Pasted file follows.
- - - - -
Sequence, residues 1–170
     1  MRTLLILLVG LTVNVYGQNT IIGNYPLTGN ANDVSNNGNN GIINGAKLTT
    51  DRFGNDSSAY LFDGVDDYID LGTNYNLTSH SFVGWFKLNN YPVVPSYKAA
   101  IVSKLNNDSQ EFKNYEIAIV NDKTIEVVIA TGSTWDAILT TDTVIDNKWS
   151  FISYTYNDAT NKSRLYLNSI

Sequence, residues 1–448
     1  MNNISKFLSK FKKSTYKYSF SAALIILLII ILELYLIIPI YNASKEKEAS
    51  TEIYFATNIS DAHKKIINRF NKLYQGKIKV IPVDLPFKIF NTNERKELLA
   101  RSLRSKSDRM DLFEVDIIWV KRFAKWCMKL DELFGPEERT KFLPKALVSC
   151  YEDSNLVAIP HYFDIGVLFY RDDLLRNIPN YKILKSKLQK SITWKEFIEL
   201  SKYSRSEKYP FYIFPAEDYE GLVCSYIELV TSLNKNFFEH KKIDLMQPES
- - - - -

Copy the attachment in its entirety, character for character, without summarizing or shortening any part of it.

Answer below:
Sequence, residues 1–170
     1  MRTLLILLVG LTVNVYGQNT IIGNYPLTGN ANDVSNNGNN GIINGAKLTT
    51  DRFGNDSSAY LFDGVDDYID LGTNYNLTSH SFVGWFKLNN YPVVPSYKAA
   101  IVSKLNNDSQ EFKNYEIAIV NDKTIEVVIA TGSTWDAILT TDTVIDNKWS
   151  FISYTYNDAT NKSRLYLNSI

Sequence, residues 1–448
     1  MNNISKFLSK FKKSTYKYSF SAALIILLII ILELYLIIPI YNASKEKEAS
    51  TEIYFATNIS DAHKKIINRF NKLYQGKIKV IPVDLPFKIF NTNERKELLA
   101  RSLRSKSDRM DLFEVDIIWV KRFAKWCMKL DELFGPEERT KFLPKALVSC
   151  YEDSNLVAIP HYFDIGVLFY RDDLLRNIPN YKILKSKLQK SITWKEFIEL
   201  SKYSRSEKYP FYIFPAEDYE GLVCSYIELV TSLNKNFFEH KKIDLMQPES